In this instance, however, the yield curve steepened simply because the yield on the two-year fell much faster than the yield on the 10-year, even although both collapsed this week as the Federal Reserve cut interest rates.

(The gap between the yield on the ten-year US Treasury and that on the two-year: three months)

Gold (measured in dollar terms) had a volatile week but ended up having a pretty good one all the same. Financial market havoc, potentially long-term inflationary monetary policy, general panic – it’s all good news as far as gold goes. Which is why you own it, so that at least one thing in your portfolio doesn’t look utterly depressing.

(Gold: three months)

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The US dollar index – a measure of the strength of the dollar against a basket of the currencies of its major trading partners – slid hard, as the Federal Reserve slashed interest rates by half a percentage point in an emergency move. There are all sorts of theories for the move but the simplest way to think about it is that investors now expect the Fed to slash faster and harder than any other central bank, and that means reversing a lot of the bets that they’ve been making about relative interest rates (ie borrowing money in euros to invest in dollar assets).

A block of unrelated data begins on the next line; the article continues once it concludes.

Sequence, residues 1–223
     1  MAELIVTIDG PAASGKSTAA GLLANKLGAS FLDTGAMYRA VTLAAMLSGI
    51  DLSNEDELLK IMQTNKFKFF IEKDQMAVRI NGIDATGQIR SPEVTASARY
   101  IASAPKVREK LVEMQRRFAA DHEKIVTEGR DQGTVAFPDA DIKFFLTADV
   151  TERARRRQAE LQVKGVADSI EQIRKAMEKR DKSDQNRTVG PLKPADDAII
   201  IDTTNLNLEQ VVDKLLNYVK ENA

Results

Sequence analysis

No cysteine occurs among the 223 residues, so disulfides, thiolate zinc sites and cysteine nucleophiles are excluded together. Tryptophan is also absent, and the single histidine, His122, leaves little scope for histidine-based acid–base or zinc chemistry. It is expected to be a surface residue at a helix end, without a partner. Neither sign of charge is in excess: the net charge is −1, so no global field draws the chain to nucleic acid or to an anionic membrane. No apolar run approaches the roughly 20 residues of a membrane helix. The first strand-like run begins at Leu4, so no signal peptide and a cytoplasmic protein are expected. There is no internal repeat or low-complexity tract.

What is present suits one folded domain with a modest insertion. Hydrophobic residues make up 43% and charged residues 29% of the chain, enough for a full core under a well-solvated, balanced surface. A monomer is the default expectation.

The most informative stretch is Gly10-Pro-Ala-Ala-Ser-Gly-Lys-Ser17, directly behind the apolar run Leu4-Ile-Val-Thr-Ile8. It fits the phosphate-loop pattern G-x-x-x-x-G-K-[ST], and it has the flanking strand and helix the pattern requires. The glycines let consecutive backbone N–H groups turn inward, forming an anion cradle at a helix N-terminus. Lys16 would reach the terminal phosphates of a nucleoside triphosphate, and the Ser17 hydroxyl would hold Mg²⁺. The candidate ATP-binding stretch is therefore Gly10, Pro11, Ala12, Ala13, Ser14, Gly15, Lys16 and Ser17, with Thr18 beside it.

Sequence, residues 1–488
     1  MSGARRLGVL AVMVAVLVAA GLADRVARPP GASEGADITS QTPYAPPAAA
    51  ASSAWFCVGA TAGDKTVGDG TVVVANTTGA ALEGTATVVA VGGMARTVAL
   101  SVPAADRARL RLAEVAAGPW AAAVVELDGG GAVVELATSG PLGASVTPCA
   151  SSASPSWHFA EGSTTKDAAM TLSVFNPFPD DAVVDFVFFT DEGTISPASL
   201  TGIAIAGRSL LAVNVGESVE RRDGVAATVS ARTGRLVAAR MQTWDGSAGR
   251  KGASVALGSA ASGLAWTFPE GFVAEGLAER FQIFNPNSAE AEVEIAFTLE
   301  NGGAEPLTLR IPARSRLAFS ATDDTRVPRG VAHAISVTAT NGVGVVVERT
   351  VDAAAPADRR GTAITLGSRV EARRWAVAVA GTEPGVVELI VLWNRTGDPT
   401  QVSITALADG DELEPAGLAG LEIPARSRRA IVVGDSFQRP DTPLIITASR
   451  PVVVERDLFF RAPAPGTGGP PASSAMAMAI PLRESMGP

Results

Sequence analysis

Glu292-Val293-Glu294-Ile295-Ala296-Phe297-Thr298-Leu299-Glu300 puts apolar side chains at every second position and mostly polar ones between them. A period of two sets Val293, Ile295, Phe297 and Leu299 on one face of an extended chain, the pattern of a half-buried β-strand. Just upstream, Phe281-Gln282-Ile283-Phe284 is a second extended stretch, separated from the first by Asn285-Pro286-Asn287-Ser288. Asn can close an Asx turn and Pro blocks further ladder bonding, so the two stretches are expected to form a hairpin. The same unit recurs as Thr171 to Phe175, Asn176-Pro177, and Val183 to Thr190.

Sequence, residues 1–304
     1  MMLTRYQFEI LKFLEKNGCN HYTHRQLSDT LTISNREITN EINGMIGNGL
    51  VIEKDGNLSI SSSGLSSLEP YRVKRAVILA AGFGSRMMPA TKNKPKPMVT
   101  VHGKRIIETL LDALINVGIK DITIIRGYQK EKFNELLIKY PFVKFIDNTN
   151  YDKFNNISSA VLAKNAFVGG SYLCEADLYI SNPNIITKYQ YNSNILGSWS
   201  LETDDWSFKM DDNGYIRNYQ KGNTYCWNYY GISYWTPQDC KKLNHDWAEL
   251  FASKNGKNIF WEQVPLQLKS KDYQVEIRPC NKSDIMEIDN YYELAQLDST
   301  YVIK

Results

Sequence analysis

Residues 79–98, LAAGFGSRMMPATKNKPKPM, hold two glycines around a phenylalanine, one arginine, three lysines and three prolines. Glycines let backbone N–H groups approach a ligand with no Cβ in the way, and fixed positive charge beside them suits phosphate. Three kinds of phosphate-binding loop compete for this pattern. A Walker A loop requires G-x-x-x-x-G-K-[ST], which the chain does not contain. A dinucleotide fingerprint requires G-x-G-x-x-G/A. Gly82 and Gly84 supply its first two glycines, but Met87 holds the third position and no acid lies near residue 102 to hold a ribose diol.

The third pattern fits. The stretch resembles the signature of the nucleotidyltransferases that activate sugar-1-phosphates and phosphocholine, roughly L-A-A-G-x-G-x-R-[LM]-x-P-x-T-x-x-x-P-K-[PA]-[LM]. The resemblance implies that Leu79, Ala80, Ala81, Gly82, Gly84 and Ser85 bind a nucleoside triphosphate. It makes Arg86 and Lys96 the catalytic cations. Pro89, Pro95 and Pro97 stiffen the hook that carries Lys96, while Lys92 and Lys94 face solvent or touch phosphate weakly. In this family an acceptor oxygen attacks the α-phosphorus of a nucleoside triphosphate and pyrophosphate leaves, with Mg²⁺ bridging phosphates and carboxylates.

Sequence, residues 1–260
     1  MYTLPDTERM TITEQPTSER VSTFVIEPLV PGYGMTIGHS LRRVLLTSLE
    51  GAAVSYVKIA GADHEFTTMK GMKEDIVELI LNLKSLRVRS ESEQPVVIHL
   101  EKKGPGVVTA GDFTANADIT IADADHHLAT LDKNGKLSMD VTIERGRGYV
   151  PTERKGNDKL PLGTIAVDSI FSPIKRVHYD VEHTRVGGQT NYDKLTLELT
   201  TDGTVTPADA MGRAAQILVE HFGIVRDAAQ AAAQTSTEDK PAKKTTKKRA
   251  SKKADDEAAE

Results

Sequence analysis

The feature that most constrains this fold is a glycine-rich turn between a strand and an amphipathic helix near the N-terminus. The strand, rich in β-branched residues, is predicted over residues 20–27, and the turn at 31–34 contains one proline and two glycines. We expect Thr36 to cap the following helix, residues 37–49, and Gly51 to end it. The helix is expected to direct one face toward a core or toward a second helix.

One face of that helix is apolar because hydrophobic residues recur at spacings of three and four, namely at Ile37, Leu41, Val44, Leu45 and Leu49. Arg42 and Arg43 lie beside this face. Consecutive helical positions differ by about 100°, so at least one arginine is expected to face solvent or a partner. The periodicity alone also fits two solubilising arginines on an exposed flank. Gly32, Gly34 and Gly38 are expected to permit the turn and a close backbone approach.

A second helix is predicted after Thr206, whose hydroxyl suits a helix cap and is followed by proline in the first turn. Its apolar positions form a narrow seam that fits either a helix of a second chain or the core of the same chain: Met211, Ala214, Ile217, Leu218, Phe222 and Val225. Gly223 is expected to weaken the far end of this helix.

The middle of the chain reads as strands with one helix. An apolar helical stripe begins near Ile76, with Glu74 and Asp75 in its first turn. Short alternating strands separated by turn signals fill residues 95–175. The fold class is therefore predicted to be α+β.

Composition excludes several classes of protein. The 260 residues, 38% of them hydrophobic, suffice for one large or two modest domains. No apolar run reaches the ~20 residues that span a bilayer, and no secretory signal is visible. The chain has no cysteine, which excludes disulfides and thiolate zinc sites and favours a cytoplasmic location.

(DXY: three months)

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The weak US dollar kept some pressure off the Chinese yuan (or renminbi), which remained strong enough to stay below the $1/¥7 mark that gets markets worried (how long that lasts we’ll just have to see).

(Chinese yuan to the US dollar: since 25 Jun 2019)